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Wikipedia defines following terms:

  • With a lock-based concurrency control DBMS implementation, serializability isolation level requires read and write locks (acquired on selected data) to be released at the end of the transaction. Also range-locks must be acquired when a SELECT query uses a ranged WHERE clause, especially to avoid the phantom reads phenomenon.
  • In repeatable reads isolation level, a lock-based concurrency control DBMS implementation keeps read and write locks (acquired on selected data) until the end of the transaction. However, range-locks are not managed, so phantom reads can occur.

As long as I interpret it correctly, both serializability and repeatable read isolation levels corresponds to rigorous two phase locking (in which both shared and exclusive mode locks are held till transaction commits/aborts), in which transactions are serializable by their commit order, according to the book by Korth et al..

However, book by Korth et al also says following repeatable read isolation level:

  • Repeatable read allows only committed data to be read and further requires that, between two reads of a data item by a transaction, no other transaction is allowed to update it.
  • However, the transaction may not be serializable with respect to other transactions. For instance, when it is searching for data satisfying some conditions, a transaction may find some of the data inserted by a committed transaction, but may not find other data inserted by the same transaction.

My doubt is, if rigorous 2PL schedules are serializable by commit order of its transaction, then why book by Korth et al says repeatable read isolation level may not ensure serializability?

  • Because it allows phantom reads? Phantom reads mean that transaction T2 started after T1 but committed before T1, thus violating serializability. – mustaccio Mar 13 at 12:59
  • Definition of phantom reads from the Korth's book: "A transaction re-executes a query returning a set of rows that satisfy a search condition and finds that the set of rows satisfying the condition has changed as a result of another recently committed transaction". So because Repeatable read does not have range locks, phantom reads might occur. But I am unable to see how phantom reads can affect serializability. – anir Mar 13 at 13:38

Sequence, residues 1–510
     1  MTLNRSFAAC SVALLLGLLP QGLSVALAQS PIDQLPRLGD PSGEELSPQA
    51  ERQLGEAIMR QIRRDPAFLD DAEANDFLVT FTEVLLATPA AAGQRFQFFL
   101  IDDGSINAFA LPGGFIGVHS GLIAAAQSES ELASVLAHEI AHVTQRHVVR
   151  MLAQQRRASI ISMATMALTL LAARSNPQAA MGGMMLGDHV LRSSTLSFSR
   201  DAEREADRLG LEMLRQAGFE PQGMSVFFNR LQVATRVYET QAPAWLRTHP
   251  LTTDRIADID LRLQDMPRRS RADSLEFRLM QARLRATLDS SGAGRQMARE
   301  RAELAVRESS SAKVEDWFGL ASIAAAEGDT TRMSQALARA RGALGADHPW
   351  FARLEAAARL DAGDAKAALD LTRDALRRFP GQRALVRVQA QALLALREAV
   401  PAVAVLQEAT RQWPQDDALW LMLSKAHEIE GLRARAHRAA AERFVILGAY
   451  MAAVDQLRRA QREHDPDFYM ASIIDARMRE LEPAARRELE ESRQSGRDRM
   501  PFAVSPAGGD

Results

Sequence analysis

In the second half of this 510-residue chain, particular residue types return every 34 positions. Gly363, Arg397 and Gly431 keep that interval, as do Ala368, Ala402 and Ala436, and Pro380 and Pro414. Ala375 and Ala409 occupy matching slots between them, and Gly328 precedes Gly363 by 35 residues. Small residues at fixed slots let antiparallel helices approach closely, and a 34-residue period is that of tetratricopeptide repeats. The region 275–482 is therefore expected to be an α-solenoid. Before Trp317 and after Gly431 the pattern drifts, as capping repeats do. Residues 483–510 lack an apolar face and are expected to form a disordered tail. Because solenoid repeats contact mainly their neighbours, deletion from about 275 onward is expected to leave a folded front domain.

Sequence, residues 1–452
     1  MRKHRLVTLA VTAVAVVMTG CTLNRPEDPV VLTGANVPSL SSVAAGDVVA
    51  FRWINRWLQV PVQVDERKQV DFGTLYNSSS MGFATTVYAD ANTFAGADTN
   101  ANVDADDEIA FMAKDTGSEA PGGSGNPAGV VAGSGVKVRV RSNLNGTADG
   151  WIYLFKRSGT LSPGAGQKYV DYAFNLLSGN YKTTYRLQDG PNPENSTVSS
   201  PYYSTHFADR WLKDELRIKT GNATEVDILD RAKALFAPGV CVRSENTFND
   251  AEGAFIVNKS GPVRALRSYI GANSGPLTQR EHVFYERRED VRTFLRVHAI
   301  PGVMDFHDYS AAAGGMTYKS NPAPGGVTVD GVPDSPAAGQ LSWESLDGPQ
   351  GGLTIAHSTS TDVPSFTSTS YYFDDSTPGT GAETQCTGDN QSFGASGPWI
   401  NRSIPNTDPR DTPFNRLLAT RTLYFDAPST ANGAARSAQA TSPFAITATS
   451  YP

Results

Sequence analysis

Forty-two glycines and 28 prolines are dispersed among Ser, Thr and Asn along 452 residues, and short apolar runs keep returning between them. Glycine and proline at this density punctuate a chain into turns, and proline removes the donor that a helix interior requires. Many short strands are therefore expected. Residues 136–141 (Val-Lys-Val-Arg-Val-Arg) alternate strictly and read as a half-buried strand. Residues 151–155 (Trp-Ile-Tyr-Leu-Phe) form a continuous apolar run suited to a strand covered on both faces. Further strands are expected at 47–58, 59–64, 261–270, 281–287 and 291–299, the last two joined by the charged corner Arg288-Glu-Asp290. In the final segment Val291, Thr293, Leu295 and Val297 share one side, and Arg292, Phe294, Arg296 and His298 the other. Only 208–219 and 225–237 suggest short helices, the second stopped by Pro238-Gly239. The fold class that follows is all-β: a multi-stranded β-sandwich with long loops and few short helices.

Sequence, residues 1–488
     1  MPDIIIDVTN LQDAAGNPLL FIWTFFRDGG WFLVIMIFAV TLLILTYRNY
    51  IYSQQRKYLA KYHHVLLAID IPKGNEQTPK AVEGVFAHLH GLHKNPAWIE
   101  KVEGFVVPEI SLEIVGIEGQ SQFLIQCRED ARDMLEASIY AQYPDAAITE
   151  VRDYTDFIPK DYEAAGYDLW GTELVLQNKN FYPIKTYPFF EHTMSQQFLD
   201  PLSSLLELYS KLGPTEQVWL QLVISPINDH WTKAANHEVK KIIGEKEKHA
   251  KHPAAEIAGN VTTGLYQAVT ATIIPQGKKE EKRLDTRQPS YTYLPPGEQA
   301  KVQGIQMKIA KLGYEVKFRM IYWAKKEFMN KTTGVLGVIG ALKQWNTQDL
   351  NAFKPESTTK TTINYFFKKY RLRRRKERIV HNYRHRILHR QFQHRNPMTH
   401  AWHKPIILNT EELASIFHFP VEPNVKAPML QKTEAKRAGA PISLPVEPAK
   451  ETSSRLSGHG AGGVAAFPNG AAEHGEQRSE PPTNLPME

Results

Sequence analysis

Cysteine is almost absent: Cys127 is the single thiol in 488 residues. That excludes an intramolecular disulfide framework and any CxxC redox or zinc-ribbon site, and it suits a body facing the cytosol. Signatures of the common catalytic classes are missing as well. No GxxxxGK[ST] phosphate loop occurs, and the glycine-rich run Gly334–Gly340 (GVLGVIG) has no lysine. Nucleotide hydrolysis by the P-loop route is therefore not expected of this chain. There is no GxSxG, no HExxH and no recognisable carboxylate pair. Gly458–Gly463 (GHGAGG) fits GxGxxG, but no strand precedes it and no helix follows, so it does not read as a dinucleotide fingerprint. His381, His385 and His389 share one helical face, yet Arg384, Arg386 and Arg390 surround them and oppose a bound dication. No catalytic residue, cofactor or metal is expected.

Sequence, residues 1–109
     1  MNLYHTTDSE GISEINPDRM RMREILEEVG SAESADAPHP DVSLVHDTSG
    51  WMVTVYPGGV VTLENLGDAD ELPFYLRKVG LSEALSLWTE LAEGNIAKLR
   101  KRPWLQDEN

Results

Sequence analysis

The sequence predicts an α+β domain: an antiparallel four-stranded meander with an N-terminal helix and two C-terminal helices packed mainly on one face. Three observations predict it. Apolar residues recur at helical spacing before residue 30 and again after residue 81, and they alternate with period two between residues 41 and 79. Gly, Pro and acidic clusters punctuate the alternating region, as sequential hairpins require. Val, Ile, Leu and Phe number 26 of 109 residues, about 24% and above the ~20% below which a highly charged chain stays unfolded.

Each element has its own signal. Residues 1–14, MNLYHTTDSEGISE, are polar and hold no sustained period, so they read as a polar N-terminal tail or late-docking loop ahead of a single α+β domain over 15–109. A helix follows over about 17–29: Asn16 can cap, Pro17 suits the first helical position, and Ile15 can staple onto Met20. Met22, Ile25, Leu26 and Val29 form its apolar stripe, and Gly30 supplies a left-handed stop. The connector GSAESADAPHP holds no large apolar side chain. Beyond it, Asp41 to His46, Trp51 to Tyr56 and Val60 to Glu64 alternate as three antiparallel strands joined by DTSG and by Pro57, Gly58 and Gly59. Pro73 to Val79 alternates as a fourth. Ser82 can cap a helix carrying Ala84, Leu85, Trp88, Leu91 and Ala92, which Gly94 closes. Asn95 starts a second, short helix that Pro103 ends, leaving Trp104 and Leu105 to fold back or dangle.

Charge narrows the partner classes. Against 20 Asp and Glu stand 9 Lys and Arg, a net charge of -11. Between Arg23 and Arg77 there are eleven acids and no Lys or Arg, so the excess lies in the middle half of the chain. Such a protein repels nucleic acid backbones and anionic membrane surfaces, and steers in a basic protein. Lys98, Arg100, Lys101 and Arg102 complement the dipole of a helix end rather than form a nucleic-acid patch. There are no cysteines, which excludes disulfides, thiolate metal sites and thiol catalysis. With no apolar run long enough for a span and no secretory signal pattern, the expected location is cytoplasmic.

• [...continued from last comment] Is it like if the count of selected rows change and if the transaction uses this count to update database, then transactions wont be serializable since concurrent and any serial execution will have different effect on the database? – anir Mar 13 at 13:39
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Serializable means that there is some order the transactions can be run in without overlapping and we'll end up with the same answers and the same state of the data base as we get by running the transactions in parallel with serializable isolation level.

Given two transactions, A and B, the only valid states of the system are

  1. All of A followed by all of B, OR
  2. All of B followed by all of A.

That's it. If the system can end up in any other state the transactions are not serializable. If we can show That two transactions running in parallel do got correspond to one or other of these states then those transactions are not serializable.

Think about a table with 4 rows, ID values 2, 4, 6 and 8. There are two transactions A and B. A counts the number of rows. B inserts two rows, ID values 3 and 7.

If they run A->B then A returns 4. If they run B->A then A returns 6. Those are the only possible answers if we are to guarantee serialization.

So A starts under Repeatable Read isolation. It will perform a table scan. A reads row 2 and takes a lock, then reads row 4 and takes a lock.

Now B starts in parallel with A. B tries to insert row 3. Nothing prevents it; A has never read a row with ID 3 to take a lock on it. Then B inserts row 7 and commits, releasing its locks.

Transaction A continues reading. It has just finished with 4 so the next row is 6, then comes 7 (Tx B has committed so its lock on 7 has been released) and finally 8. So A has seen rows 2, 4, 6, 7 & 8 - five rows! This workload is not serializable.

This is the scenario in the second bullet point in the quote from Korth.

The "problem" is the phantom rows produced by B. They overlap the range of data to be read by A. But Repeatable Read does not issue range locks so B if free to do this. Under Serializable isolation B's insertion locks would have prevented A taking range locks or A's range locks would have blocked B's insertions.

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